And I thought I said as much, except that I questioned its long-term value, indicated that I detest it (trophy hunting) and don't believe most of its participants are thinking conservation when they're killing.

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And the personal insulting level of some statements here really pisses me off.

 

I apologise too if I offended you nyama. But I believe our 'friend' made himself fair game, just as he expects a buffalo to be his fair game when it walks into his sights. Difference is, the buffalo won't be able to defend itself.

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The problem with hunting is that it highly corrupt and not well managed outisde private fenced reserves. It would cost millions to get a true census of population in GMA or WMA next to national parks where hunting can take place. Instead, as what appears to happen in Zambia, where hunting licenses have been known to be used as political favours, they use the following quota method;

You lick your index finger, stick it the wind and have a guess.

 

I think the huge amounts of money involved in hunting are a magnet to corrupt officials, in the same way large government contracts are - basically where you have a government that doesnt clamp down on corruption then the larger the amounts of money the more corruption you get.

 

The quota aspect is one of the more concerning aspects of hunting to me. Without proper studies of the wildlife population then you cant set a quota with any confidence that it will be sustainable. I'd like to see countries that allow hunting publishing the population estimates and supporting research that they use when setting a quota. That would make it obvious whether the quotas are meaningful or are just guesswork. It also makes it harder for corrupt officials to set high unsustainable targets if they know the published facts will contradict their claims.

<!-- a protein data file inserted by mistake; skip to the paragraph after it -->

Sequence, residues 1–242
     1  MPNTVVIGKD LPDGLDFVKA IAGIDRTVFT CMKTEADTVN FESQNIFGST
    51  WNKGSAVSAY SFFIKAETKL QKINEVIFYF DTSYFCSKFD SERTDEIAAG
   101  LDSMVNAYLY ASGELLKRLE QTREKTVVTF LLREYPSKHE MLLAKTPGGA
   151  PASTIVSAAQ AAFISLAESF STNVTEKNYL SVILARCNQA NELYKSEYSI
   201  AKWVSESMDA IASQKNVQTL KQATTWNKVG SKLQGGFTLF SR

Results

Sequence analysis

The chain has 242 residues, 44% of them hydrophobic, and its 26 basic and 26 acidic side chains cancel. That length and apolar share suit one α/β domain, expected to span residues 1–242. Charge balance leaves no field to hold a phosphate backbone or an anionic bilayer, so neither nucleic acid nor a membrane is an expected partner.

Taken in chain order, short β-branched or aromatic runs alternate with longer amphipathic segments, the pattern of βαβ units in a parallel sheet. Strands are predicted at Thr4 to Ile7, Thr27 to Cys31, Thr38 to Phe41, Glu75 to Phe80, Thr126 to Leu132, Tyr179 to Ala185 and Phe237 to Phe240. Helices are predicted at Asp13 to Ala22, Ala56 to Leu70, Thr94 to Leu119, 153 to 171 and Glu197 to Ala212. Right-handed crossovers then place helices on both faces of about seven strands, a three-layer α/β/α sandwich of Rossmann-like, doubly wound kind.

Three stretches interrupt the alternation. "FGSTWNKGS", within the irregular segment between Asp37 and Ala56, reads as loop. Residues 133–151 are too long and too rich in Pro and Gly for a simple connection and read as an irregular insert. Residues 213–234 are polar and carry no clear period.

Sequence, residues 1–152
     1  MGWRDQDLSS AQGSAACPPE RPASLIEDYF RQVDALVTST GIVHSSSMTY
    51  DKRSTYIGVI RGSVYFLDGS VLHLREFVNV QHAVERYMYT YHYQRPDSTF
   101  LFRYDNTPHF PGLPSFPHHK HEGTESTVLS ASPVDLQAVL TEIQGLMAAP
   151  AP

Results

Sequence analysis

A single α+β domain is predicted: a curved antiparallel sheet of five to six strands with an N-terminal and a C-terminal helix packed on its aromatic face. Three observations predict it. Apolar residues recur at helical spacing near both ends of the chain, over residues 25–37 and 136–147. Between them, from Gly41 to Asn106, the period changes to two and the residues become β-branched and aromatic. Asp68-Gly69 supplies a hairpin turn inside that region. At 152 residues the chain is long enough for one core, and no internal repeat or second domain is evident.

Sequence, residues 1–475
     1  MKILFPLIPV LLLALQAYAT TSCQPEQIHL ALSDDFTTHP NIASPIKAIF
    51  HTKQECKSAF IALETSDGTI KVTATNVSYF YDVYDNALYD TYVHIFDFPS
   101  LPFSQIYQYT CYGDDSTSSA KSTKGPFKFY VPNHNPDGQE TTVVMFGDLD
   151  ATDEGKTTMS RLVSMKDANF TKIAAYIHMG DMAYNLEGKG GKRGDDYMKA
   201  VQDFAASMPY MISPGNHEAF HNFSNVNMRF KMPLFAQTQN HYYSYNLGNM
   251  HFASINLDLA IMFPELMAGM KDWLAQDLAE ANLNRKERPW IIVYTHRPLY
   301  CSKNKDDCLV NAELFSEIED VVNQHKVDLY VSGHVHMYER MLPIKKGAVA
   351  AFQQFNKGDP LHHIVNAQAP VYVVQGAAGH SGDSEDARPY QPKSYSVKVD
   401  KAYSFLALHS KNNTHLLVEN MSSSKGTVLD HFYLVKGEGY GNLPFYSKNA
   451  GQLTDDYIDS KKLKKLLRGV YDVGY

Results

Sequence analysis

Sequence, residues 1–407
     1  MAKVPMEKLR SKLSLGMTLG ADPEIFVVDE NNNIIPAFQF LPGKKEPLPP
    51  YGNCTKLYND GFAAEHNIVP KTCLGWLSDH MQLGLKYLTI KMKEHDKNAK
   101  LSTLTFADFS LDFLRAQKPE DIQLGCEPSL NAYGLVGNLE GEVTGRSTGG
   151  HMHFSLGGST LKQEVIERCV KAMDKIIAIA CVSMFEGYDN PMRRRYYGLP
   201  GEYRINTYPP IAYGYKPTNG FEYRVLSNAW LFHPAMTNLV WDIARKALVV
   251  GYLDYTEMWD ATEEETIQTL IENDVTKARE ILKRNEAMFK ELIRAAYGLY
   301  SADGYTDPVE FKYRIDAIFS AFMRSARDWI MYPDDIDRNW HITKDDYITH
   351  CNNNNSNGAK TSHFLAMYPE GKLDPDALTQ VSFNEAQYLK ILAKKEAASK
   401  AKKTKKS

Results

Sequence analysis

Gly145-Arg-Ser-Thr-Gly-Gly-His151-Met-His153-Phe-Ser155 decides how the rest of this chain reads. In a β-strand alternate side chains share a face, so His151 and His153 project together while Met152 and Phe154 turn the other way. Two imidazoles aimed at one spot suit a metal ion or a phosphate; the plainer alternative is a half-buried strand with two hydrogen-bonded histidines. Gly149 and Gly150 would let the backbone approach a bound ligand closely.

Concerning hunting companies, there is a difference in the behaviour depending on the type of operation they run. If next to a national park or Govnt leased area, there more incentive to overshoot and over utlize as you have not paid for the animals and are just reaping profits. If you shoot an additional Lion, there is the possibility you can bait one across the river or one will move into the area from the park to fill the vacuum. If you have your own hunting farm, you will ensure to run at a sustainable level as you know that any supplementation of wildlife will have to be paid for.

 

I think you're definitely right about the game farms being run on a sustainable basis - if someone ran his farm without making sure it was sustainable then they'd soon be out of business as buying in more wildlife is expensive.

Regarding hunting in leased areas, yes I'm sure that sort of thing goes on in some places, but dont forget that to get the license to hunt there the company has paid a huge fee so they're recouping costs not just making profit. As there are fees for every animal shot then over-shooting will result in larger fees to be paid so that may not be as profitable as you suggest. Its also likely that a dodgy operator would cross the boundary and make a kill just across the line into the national park if they thought they could get away with it.

This is why I say its important to make sure the rules are monitored - if they are carefully monitored then hunters are more likely to stick to the rules or risk losing their livelihood. If the rules are enforced and the penalty for breaches of the rules is to lose the license or hunting concession then most professionals would think twice as a rule breach could bankrupt them. The problem is that not all countries monitor and enforce the rules to the degree necessary.

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yeah i guess by some i'm a dummy because i did a search and when i saw safari it was the term i grew up knowing. i was asking a legit question in the wrong place. okay.

 

first there are good reps for your cause like nappa and predator and just the opposite in milbank and jochen,